One night, in cities all across Europe, five children vanish – only to appear, years later, at an exclusive New York party with a strange and elegant governess. Rumor and mystery follow the Faust teenagers to the city’s most prestigious high school, where they soar to suspicious heights with the help of their benefactor’s extraordinary “gifts.” But as the students claw their way up – reading minds, erasing scenes, stopping time, stealing power, seducing with artificial beauty – they start to suffer the sideeffects of their own addictions. And as they make further deals with the devil, they uncover secrets more shocking than their most unforgivable sins. At once chilling and wickedly satirical, this contemporary reimagining of the Faustian bargain is a compelling tale of ambition, consequences, and ultimate redemption.
I spent a lot of time at the beginning of this book trying to match the character, with the power, with the models on the cover of the book (which I hate when books have pictures of the character(s) on the cover). Also I didn’t agree with the models used to portray the character. For me it didn’t fit which is another reason why I struggled with narrowing down characters. I got it eventually though. This book was enjoyable. There was never a moment where I wasn’t interested and I was always trying to figure out what was going on. I kind of found it difficult to read at some times because whenever a character entered a scene the narration would change to them and at some point a narration would be occurring and come from none of the characters. My opinions on characters would constantly change. I would like them one minute and then be dissapointed with them a minute later. I grew to really like Valentin, though I would be dissapointed with some of his actions and by the end of the book I didn’t care much for him at all. Also two of the characters seemed to phase out at the end of the book, and many characters were over emphasized throughout the book and then others would have a single moment of emphasis. This book also left a lot unexplained. Perhaps there will be a future book to answer these questions but I doubt it and I don’t think it would be suitable to make another book. Although, another book with a similar concept would be ok. A question raised during the book was: what would you sell your soul for? To be honest, there are so many things I want that I couldn’t possibly decide on one thing and also I find the idea of selling my soul bad. Anyways I wouldn’t really recommend this book. Even though it was interesting and written well its kind of a disappointment.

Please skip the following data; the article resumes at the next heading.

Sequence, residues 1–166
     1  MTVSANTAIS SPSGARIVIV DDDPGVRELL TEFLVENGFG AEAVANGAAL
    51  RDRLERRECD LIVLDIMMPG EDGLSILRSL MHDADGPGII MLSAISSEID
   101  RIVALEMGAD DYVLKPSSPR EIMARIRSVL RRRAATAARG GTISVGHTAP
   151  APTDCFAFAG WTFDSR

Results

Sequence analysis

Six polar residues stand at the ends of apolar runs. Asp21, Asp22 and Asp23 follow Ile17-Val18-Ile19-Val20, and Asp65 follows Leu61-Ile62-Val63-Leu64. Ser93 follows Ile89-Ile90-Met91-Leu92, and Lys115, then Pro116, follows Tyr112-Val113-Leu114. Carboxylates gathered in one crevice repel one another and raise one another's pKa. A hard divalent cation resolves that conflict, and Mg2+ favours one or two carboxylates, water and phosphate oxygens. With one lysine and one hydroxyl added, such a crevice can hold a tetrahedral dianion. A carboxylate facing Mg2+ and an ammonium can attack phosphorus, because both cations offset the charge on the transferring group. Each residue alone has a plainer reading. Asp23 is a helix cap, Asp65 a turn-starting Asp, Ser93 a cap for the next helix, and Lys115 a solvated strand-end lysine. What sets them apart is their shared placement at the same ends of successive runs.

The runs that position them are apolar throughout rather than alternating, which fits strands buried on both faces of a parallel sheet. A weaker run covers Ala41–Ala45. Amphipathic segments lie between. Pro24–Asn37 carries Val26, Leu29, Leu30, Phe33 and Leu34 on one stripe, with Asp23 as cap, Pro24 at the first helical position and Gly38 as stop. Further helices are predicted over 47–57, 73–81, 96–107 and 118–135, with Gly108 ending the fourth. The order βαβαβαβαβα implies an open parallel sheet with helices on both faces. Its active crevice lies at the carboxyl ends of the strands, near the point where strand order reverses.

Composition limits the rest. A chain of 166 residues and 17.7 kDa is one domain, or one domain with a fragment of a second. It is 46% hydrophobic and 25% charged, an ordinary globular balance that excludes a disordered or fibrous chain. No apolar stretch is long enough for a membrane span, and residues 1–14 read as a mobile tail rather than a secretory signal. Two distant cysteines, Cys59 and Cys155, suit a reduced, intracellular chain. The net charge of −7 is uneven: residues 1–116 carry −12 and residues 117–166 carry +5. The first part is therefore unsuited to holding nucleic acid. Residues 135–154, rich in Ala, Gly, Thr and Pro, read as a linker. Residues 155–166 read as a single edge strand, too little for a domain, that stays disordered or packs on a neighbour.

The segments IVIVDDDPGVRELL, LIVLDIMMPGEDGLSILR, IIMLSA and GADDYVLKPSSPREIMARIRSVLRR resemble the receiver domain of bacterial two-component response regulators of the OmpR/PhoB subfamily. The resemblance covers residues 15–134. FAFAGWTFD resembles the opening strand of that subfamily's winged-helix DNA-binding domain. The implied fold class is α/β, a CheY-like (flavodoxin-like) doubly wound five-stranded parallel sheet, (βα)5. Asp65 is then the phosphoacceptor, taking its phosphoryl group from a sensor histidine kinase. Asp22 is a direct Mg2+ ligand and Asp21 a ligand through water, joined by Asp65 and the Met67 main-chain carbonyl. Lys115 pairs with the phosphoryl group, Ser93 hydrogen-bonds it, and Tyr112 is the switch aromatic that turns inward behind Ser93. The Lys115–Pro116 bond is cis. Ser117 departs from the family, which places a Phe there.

The next companion book is Another Faust